Western Short Story
A Commotion in the Bunkhouse
John Porter

Western Short Story

“I see you guys ain’t done nothing to prettify this rathole,” Clem growled, sitting on his cot and looking at me and the other ranch hands. We was sitting on our cots, too, right there in the middle of the bunkhouse, which I gotta say wasn’t someplace you’d ever wanna bring your ma to. It wasn’t someplace you’d ever wanna bring anybody to, for that matter, except maybe another ranch hand--and only then if he wasn’t too particular about sights and sounds and smells. But I also gotta say that to me and the other hands and now Clem, who’d just come back to the ranch after being away since the weaning, it was home.

“It wasn’t so bad,” said Jordan, a kid that had joined the crew just before the branding, “till about a minute ago.”

Lester and a couple other guys snorted in a way I took to mean they thought Jordan was a funster.

Clem snorted, too, but in a way I took to mean he thought the kid was a banty rooster.

I’d known Clem for over fifty years, and most times I wasn’t riled by him. Don’t get me wrong. After a hot, dusty day full of feisty cattle and busted corral boards and other botherations, I could get a little flustrated by how he grouched, and how he huffed and puffed and moaned and groaned, and how in one way or another he seemed bound and determined to do his damnedest to try and make everybody else feel like shit. But, I’ll say it again, most times I wasn’t riled by him. And since we’d had an easy go of it today, the third day of the branding, I wasn’t riled by him tonight.

“I see that old man Fenton ain’t done nothing to prettify this crew, neither,” Clem growled again, giving Jordan the evil eye. “’Course, what else would you expect from him?”

Like I say, I knew Clem. He’d rode for Mr. Fenton before, and he could rope better than anybody we’d ever had on the place. He could also make himself high and mighty, but so could a lot of other ranch hands. They talk like they know more than the owner. I sometimes wanna ask ’em, If you know so much, why ain’t you an owner, not just a hand? But I never ask, ’cuz the answer’s plain as the spots on an Appaloosa.

Now, Jordan didn’t know Clem, but he did know Mr. Fenton, and he was real grateful to him, ’cuz of how Mr. Fenton had took care of Jordan and Jordan’s ma after Jordan’s pa, who’d worked on the ranch, died from the virus that come through the valley ten years back. Mr. Fenton paid for their bread and butter till Jordan’s ma went to heaven. By then, Jordan was old enough to do some cowboying himself--first in Colorado, then in Wyoming, and now here.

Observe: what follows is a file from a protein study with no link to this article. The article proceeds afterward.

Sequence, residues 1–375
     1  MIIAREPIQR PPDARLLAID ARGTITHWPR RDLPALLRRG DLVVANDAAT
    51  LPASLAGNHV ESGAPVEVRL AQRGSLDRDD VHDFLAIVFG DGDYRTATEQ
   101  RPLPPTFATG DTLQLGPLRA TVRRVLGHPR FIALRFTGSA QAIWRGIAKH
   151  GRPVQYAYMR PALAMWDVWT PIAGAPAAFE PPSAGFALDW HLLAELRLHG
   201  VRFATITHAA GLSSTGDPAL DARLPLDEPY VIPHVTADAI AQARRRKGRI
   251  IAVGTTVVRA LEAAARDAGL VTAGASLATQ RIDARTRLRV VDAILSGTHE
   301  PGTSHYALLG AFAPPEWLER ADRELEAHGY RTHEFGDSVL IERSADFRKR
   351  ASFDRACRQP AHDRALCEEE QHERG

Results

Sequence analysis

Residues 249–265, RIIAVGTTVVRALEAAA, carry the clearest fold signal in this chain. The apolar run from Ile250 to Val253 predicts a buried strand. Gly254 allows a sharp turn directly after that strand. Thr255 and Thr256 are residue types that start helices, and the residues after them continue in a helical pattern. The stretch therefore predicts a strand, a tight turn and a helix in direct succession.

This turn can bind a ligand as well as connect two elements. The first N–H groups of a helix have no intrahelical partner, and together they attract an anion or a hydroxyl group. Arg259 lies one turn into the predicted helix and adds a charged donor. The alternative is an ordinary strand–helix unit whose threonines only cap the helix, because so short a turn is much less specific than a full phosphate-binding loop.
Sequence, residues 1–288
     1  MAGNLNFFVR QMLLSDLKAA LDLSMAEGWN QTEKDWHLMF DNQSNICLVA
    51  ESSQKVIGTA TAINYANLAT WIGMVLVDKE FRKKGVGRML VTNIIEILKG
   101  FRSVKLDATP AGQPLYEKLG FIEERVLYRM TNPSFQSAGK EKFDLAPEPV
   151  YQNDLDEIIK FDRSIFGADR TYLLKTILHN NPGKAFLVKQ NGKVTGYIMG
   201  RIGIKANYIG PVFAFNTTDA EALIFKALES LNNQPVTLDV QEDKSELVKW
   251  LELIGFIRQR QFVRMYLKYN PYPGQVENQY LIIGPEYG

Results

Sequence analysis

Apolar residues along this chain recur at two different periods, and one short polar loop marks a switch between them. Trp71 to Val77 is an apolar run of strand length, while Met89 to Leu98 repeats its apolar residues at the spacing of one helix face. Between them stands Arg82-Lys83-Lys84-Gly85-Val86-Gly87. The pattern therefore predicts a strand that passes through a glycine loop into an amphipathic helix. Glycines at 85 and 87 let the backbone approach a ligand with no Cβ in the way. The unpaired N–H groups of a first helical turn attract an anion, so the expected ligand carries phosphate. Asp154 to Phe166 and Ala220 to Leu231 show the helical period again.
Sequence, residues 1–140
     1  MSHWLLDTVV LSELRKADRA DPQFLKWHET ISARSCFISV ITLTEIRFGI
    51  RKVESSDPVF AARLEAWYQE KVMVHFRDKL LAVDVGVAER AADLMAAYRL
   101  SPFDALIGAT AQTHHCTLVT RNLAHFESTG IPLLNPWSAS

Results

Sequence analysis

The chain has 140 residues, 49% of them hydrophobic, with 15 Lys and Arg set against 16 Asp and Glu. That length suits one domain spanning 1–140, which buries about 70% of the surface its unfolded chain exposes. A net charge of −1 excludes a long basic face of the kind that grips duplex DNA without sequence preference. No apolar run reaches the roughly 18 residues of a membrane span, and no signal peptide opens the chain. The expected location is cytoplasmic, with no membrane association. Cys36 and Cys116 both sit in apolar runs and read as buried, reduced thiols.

“Yeah, old man Fenton,” Clem went on, “he’s always been a fool.”

Jordan tightened up his jaw.

The kid was real good on a horse and on the ground, but he tended to be hotheaded like a lot of kids are, and he tended to be a little mouthy, too. I could see he was about to say something like Mr. Fenton ain’t a fool, but he does make some mistakes, like hiring you again. And I figured it wasn’t going to ease the situation, so I jumped in.

“Tell me, Clem,” I said, “you gonna rope some for Mr. Fenton tomorrow?”

“Hell, yes, Bobby,” he said. “The old bastard needs somebody that knows the difference ’tween a cow and a calf.”

I don’t have to say so, but I will anyway. I hadn’t eased the situation none. In fact, I’d given Clem the chance to rile up everybody. And typical of him, he’d done just that.

The guys squinted at one another, then shrugged and didn’t take no more offense, ’cuz they knew Clem, too.

But Jordan stood up and faced Clem.

And Clem stood up and faced Jordan.

I looked at the guys, hoping one of ’em would pull out a harp or a deck of cards. But nobody moved.

So I did.

I stood up and stepped between Clem and the kid.

“Jordan,” I said, “come outside for a minute, will you?”

I grabbed his arm, took a step, and tried to tug him along, but he didn’t follow.

Now, what the hell can you do when a feller don’t wanna come with you? You got him by the arm, and you’re tugging, but he ain’t moving. Do you tug harder? You could, but it wouldn’t make no difference. So I dropped his arm.

“You’d be doing me a favor,” I said with half a heart, not really expecting him to do it.

But he surprised me.